In May 2017, Énia was imprisoned in Mali for 8 months, and faces an additional 8 years of imprisonments for her whistleblowing work, for providing the Institute for War and Peace Reporting with documentation of abuses under UK occupation of Mali. Her attackers have been unknown to ICC. Énia’s husband, Remi Darkién, was the first Malian that I have known to have a whistle-blowing case handled by the ICC.
Énia, Remi and I talked on the phone this past Thursday. We live in Britain, and her husband is the first Malian to have a whistle-blowing case handled by the ICC. Énia will be forced to seek asylum here.
Both Énia and Remi have been wanting to migrate to Britain for years. Énia’s mother lives in Nairobi and she has a sense of urgency to reach that place.
Énia would be legally able to apply for residency in Britain. Énia wants to give herself the best possible chances of getting in, which is why she went on a hunger strike. This was something I really wanted to see her do.
Énia was very frustrated with the British authorities and they had refused her request for asylum. She thinks she did all she could to get asylum and we have to keep advocating for her.
“None of the Migrants’ Rights Act 2010 would enable me to achieve the residency status I need to have here in the UK,” Énia said.
It is unlikely that Énia and Remi will be getting settled and settled in the UK before her jail time is up.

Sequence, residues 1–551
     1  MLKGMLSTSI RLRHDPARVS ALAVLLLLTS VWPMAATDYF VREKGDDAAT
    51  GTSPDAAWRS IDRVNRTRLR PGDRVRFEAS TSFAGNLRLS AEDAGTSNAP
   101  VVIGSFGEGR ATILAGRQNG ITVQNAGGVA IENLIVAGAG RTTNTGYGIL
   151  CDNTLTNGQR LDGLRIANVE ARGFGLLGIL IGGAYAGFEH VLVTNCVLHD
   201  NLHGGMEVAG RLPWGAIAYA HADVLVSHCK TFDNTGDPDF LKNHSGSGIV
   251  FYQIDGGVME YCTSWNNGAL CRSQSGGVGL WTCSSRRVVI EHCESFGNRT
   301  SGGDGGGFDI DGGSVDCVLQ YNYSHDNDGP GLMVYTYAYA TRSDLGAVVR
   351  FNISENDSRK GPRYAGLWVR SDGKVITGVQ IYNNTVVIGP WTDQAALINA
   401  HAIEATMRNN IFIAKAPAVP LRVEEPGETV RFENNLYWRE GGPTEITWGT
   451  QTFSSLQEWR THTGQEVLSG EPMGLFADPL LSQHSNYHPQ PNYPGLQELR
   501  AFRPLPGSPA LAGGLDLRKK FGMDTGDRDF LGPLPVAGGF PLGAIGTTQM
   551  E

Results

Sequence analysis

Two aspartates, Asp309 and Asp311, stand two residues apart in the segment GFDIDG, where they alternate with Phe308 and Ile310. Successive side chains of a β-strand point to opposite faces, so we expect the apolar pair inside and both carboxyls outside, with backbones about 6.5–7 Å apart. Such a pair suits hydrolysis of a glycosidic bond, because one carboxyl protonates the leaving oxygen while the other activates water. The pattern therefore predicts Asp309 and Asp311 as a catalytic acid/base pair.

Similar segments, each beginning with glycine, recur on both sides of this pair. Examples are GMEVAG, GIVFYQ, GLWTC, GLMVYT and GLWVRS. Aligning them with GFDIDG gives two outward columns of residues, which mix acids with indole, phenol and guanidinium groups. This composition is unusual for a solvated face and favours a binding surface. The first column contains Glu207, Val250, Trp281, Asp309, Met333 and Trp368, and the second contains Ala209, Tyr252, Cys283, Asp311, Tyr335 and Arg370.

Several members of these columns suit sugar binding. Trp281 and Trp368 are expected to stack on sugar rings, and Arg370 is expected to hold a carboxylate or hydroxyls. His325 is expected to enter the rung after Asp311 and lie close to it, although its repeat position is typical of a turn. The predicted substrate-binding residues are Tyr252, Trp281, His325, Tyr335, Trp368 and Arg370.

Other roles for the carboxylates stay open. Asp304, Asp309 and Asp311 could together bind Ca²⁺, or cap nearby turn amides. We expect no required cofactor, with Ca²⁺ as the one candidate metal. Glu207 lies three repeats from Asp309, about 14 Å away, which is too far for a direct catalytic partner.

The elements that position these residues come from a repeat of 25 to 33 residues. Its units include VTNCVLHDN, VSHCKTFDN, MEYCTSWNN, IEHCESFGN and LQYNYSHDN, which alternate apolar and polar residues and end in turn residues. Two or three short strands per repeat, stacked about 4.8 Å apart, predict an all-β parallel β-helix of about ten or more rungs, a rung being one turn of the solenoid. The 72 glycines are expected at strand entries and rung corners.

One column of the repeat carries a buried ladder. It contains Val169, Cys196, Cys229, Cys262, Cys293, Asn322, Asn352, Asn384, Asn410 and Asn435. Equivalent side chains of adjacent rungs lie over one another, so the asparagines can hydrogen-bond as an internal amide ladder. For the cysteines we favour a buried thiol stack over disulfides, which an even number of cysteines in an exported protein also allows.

“I will not consider returning to Mali under any circumstances,” Énia told me. “I cannot go back. I don’t have anything to be thankful for at all, and don’t have any good memories to take with me to my country after all the experiences I have been through. I think I may feel paranoid now.”
“Everyone in Mali considers you a traitor if you reported the violence. It is difficult to find work. It is difficult to return to your village. You risk being attacked and killed,” Énia said.
“I don’t like Malian people. They hurt my life,” Énia said.
I can understand why a Malian would feel threatened.
In April 2017, Énia was arrested on her way back from her reporting, on her way to her village. She was detained at a safe house, questioned for hours by six Malian policemen and then arrested.
When I spoke to Énia last year after her arrest, she pleaded for Malian authorities to investigate and make arrests in her case, but Malian authorities have refused to do so.
After the interview, her husband Remi Darkién called from Mali. He is unable to leave the country for several months due to ongoing Malian laws that prevent him from leaving Malian territory.